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Brushing Up On Joe Blanton

Blanton is an interesting pitcher.  As his charts show, he, seemingly, has no above average pitch.  He's got the lowest K rates across the board that I've seen so far and he survives in large part on smarts.  For example, check out his 1-0 counts, 2-0 counts and 2-1 counts against LHB.  Blanton is basically pitching backwards here.  Counts where he'd normally have to bring the fastball, you've got about a 50-50 shot on 1-0 and 2-0 and, on 2-1, it's only 1/3 fastballs.  The result, here, is that he is often able to get weakly hit outs (he's managed a ~ .100 ISO in '07 and '08 with the pitch) or, also importantly, yet another pitch in a more favorable count.  It's safe to say that the change is his most important pitch for getting lefties out.  And it mostly works.  BP's projected RHB/LHB split is .264/.319/.402 vs..271/.341/.410.  The difference in the projected walk rate is notable, but it hasn't come to fruition.

Against RHB, he's a fastball-curve-slider pitcher and it's all about his curve.  While the BABIP on pitches is going to take a while to come to rest at a reasonable rate, the ISO is no joke.  It's 0 so far and last year it was .143.  In other words, this is how Blanton gets his groundballs.  It isn't on his meh fastball, with a .247 ISO to RHB, nor is it on the slider, which has little going for it.  It's telling, I think, that he throws the slider for so few strikes and he's still giving up a .223 ISO on the pitch.  His confidence in the pitch is apparently low; the usage rate dips significantly once he gets into 2+ ball counts.  And it makes sense, it's a hittable pitch. That's usually not something you want to throw while behind.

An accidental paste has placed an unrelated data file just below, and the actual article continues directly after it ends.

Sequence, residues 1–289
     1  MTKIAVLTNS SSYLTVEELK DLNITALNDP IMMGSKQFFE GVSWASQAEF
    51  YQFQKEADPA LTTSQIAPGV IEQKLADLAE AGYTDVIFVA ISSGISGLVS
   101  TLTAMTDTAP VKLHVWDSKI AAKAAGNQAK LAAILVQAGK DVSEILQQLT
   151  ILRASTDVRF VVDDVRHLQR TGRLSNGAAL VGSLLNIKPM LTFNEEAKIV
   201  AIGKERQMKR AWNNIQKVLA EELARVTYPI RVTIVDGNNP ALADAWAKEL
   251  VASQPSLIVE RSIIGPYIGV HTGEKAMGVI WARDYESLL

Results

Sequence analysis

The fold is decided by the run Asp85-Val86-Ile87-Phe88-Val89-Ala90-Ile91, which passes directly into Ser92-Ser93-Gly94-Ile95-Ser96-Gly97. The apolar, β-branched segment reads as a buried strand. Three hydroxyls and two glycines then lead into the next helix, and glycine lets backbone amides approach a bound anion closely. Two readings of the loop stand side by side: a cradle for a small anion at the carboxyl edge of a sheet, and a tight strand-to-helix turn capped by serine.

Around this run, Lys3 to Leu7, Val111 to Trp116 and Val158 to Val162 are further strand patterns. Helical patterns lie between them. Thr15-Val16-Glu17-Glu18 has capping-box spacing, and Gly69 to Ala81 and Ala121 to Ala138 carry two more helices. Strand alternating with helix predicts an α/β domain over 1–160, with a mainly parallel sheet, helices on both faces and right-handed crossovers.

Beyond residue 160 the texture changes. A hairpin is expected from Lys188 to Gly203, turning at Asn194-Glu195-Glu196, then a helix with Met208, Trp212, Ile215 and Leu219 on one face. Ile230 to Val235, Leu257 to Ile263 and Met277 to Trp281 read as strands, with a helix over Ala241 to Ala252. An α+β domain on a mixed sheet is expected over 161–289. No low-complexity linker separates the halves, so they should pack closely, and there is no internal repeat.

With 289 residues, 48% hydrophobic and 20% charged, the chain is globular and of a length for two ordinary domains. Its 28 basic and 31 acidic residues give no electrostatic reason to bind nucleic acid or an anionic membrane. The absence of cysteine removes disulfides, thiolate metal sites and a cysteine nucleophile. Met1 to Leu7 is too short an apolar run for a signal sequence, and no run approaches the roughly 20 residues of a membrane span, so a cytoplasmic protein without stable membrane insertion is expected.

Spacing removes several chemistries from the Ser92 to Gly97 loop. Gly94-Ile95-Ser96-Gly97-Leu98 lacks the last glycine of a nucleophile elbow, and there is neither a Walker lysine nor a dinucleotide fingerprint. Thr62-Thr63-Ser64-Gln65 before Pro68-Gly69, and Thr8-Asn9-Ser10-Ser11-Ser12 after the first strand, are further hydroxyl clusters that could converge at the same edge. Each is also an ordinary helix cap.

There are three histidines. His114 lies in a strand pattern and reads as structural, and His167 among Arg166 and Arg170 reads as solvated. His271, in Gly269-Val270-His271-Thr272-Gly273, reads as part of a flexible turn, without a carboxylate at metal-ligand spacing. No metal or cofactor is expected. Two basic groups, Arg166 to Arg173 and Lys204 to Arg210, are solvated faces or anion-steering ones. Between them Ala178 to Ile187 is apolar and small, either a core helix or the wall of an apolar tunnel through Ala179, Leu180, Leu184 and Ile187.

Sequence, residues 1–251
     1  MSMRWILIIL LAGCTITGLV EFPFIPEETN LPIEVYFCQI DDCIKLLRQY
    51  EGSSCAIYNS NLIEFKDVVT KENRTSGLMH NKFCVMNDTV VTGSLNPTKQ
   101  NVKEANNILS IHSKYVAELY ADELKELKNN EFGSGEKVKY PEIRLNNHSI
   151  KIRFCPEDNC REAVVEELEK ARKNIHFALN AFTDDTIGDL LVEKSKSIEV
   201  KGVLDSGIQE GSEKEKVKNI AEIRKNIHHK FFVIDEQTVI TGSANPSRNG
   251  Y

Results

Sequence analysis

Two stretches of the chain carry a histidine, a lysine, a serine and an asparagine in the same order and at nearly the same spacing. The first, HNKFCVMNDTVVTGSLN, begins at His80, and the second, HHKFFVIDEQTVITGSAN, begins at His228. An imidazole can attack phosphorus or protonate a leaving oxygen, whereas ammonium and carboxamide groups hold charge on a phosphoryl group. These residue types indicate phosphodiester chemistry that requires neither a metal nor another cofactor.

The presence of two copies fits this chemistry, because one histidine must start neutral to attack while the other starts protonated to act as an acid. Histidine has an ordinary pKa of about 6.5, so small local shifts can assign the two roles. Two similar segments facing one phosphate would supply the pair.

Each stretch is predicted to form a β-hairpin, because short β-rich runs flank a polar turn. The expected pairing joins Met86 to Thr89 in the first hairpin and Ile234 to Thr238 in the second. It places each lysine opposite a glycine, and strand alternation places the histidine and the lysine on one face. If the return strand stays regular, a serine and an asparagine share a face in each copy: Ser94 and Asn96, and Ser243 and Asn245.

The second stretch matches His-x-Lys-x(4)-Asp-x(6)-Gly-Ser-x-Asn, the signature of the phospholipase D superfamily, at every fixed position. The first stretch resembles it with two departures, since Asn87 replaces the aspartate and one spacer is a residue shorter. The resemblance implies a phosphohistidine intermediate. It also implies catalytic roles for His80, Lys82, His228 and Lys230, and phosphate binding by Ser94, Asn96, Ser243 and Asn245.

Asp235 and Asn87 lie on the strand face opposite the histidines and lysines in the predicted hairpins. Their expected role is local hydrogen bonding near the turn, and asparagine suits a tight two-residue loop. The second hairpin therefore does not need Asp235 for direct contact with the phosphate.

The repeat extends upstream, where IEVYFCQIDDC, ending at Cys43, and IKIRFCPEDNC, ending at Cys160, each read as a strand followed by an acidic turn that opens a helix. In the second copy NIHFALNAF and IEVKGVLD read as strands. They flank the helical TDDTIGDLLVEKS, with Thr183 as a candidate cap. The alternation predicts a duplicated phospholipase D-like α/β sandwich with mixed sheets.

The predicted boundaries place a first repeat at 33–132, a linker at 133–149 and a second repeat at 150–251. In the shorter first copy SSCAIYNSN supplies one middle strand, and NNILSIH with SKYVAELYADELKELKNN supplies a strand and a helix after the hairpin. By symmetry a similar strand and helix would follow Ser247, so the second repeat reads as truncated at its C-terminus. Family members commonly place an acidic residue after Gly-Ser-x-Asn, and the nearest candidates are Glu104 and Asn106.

So what's the approach?  For RHB, you must (MUST!) lay off the curve.  No good will come from swinging at it.  It's better to think of it as an outstanding sinker.  Unless it's elevated and you've seen it already and you as a hitter have some aptitude for hitting curves, don't touch it.  The fastball and slider, OTOH, are very hittable.  The key is to get the right one.  He doesn't nibble with the fastball and without the luxury of the changeup, it comes more or less undisguised. 

LHB have their work cut out.  The fastball is imminently crushable and if it's on the inner half, it's probably a fastball.  With a change up pitcher, I think it's best in the first time through to try to go the other way and cover the plate while seeing as many pitches as you can.  I think this is the best way to convince the opposing pitcher to try to get back inside and, hopefully, abandon the change a bit as a result.  For once (and this will no doubt screw him), I like AJ's chances.  He's great at going to the opposite field and his open stance, I think, allows him to recognize the change up better.  Thome has a chance to do well; he's already hit 3 HR on change ups this year.

Given the run scoring environment, I like our chances to put up a crooked number against Blanton.  He's a smart pitcher and should be fun to watch because of it, but he's the kind of guy who's going to thrive with Oakland's pitching-and-defense oriented team and ballpark.  Because of the sheer number of batted balls he allows, in the Cell, this is a backwards approach.  Lay off the curve and he's got plenty of pitches that White Sox hitters can put loft on.